But if the economic downturn is going to persist for some time then American and European consumers are not going to start consuming in a big way any time soon. It is a cultural thing for Chinese to save a large portion of their income and up to one third of their savings go towards their children’s education. These saving and spending habits aren’t going to change overnight so domestic spending won’t save the economy from a downturn either.
Who is to say that Chinese consumer spending won’t retrench as is happening in the rest of the world?
After all, unemployment is rising there as well. I have a friend who is married to a woman who was born in China and her parents have recently returned from a trip there and what they noticed was that the gap between rich and poor is increasing rapidly and that many people they spoke to in their village said that in real terms their wages had actually been falling over the past several years. They also noted that many people who had moved from the rural areas to the cities for work were now returning to their villages because they had lost their jobs.
So much of what is being done in China seems to be about not losing face and projecting to the world or to the Chinese people (so as to prevent social unrest) that things are going along fine in the economy. I have recently read an article in one of the Australian papers that quoted an official in China saying that even though steel sales and exports were collapsing and most steel factories wanted to lower production, they were being made to increase production so as to make local production numbers look good.
There was another article recently that told of how civil servants were being ordered to smoke more cigarettes and only Chinese brands to make cigarette production figures look good. Most of the banks are also being forced to lend money. In the first four months of this year banks lent more that their whole year target. Your own Chris Mayer recently mentioned in one of his articles that Chinese banks are potentially hiding massive amounts of bad loans. There have also been suggestions that a lot of the stimulus money and bank lending has found its way into the Chinese share market and into property speculation.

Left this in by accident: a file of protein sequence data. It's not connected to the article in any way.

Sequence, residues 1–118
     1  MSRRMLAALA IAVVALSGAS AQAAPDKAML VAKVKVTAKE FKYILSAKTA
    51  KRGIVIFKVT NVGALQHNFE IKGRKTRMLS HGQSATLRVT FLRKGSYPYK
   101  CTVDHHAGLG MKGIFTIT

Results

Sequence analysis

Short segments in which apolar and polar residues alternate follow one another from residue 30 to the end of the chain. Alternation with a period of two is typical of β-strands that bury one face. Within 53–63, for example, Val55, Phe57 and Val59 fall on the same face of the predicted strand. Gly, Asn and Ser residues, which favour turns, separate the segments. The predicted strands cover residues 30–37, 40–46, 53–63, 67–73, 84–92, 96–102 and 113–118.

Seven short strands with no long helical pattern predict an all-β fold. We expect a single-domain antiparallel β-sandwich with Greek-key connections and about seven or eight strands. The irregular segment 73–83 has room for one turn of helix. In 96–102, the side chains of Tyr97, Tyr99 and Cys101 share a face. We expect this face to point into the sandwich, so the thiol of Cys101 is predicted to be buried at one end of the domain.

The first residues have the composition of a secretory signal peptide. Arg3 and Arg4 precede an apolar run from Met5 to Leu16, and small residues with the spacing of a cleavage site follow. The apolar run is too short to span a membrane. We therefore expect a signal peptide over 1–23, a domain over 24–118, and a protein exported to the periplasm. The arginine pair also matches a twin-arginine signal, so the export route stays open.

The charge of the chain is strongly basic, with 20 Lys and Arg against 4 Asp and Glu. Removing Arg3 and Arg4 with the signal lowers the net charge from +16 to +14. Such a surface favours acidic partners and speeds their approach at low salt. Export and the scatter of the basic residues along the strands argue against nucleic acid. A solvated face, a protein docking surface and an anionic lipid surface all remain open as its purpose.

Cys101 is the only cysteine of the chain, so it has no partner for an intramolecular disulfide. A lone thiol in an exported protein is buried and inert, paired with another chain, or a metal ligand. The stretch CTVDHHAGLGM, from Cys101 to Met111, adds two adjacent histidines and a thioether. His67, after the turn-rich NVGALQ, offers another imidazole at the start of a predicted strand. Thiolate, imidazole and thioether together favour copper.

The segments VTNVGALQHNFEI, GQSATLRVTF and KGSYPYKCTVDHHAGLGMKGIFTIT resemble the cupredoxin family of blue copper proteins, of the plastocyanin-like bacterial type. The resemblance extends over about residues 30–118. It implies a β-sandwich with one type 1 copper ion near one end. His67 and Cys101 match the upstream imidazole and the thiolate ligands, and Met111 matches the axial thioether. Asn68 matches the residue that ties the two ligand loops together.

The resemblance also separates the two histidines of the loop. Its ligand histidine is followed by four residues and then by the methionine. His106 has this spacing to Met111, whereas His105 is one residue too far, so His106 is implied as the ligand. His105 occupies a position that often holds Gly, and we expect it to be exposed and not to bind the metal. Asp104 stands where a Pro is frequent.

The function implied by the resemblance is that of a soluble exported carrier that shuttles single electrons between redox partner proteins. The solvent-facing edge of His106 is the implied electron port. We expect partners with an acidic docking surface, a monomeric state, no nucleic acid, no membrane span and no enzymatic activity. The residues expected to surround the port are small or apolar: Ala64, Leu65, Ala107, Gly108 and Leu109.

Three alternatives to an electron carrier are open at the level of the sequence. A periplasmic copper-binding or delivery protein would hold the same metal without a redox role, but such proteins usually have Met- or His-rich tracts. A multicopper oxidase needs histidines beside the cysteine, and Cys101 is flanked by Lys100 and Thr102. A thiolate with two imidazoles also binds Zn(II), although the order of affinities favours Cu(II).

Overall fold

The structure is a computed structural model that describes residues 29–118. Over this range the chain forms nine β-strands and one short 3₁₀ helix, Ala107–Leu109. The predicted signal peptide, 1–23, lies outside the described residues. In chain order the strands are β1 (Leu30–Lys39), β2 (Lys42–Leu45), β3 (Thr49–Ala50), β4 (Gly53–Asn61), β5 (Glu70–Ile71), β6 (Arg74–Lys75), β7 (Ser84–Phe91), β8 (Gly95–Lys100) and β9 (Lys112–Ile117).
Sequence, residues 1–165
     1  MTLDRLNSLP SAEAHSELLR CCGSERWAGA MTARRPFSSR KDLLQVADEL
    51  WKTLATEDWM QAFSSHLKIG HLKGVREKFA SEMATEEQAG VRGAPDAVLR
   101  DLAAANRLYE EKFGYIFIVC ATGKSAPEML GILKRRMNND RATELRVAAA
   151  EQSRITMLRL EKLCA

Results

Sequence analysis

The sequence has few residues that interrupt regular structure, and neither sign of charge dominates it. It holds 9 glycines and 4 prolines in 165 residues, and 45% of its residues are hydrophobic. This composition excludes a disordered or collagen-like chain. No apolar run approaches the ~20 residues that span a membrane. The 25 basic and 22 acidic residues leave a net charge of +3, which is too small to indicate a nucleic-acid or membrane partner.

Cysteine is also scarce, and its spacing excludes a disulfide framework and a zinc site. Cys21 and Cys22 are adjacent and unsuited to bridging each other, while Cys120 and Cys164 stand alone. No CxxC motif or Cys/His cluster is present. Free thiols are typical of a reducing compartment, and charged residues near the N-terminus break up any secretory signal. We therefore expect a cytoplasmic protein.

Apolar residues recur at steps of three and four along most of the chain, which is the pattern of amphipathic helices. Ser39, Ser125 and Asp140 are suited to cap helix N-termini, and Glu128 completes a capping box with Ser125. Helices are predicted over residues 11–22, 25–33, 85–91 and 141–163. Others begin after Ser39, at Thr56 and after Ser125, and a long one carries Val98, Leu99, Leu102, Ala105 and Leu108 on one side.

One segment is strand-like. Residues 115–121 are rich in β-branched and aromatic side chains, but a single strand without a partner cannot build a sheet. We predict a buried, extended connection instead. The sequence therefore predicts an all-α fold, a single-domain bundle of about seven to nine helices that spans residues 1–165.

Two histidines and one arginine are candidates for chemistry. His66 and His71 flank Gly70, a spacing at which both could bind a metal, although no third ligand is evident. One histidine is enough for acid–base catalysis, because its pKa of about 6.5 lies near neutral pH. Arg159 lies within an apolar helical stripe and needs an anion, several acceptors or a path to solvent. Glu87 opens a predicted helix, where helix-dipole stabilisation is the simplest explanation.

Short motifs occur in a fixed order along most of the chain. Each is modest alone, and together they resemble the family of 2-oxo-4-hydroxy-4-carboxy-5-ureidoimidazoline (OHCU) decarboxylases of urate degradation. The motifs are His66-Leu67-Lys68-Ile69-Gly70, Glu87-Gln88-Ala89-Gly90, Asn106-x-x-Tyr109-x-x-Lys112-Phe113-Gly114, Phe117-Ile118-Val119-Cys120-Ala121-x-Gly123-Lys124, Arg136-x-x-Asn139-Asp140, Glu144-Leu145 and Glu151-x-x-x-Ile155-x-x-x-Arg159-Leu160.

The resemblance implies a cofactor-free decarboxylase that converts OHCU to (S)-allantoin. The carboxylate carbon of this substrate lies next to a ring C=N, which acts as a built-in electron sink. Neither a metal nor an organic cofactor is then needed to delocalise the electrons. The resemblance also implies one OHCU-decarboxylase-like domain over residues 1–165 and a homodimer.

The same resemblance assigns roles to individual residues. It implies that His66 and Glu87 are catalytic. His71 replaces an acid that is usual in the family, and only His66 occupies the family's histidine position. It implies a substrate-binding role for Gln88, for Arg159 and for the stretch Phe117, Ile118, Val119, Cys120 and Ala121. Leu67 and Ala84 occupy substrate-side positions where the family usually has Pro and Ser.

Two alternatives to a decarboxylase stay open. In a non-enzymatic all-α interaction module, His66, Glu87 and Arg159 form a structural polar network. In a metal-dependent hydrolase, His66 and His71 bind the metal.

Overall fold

I was talking to a friend who lives in Hong Kong recently and he mentioned that the property speculation has increased massively there in the last couple of months, with the prices of many apartments increasing by 10% in the last six weeks. Analysts are now changing their forecasts for property prices in Hong Kong for this year from a fall of 5% to a rise of 18%. My friend said that house prices were literally going up with the share market. Some analysts are now questioning the quality of the so called economic growth in China. I note that even though the economy is supposedly growing, electricity usage is still falling, indicating less manufacturing activity. I’m sure it will only be a matter of time before the government works out a way to manipulate these figures as well.
One argument put forward for the great growth prospects of China is the idea of urban migration from the rural areas to the cities and the need for massive construction and infrastructure spending that will arise from this. However who is to say that this urban migration won’t be put on hold for several years if the downturn around the world continues for some time yet? After all, rural citizens aren’t going to move to the cities if they are seeing unemployed people returning to their villages having lost their jobs, which is happening now. Global trends have to have an effect on export driven China both in the short and long term.
Two more points worth noting. China is a resource poor country, although this hasn’t hampered Japan, and when in history has a country with a communist style government been greatly successful? Not very often that I can remember, especially if it doesn’t have the advantage of natural resources.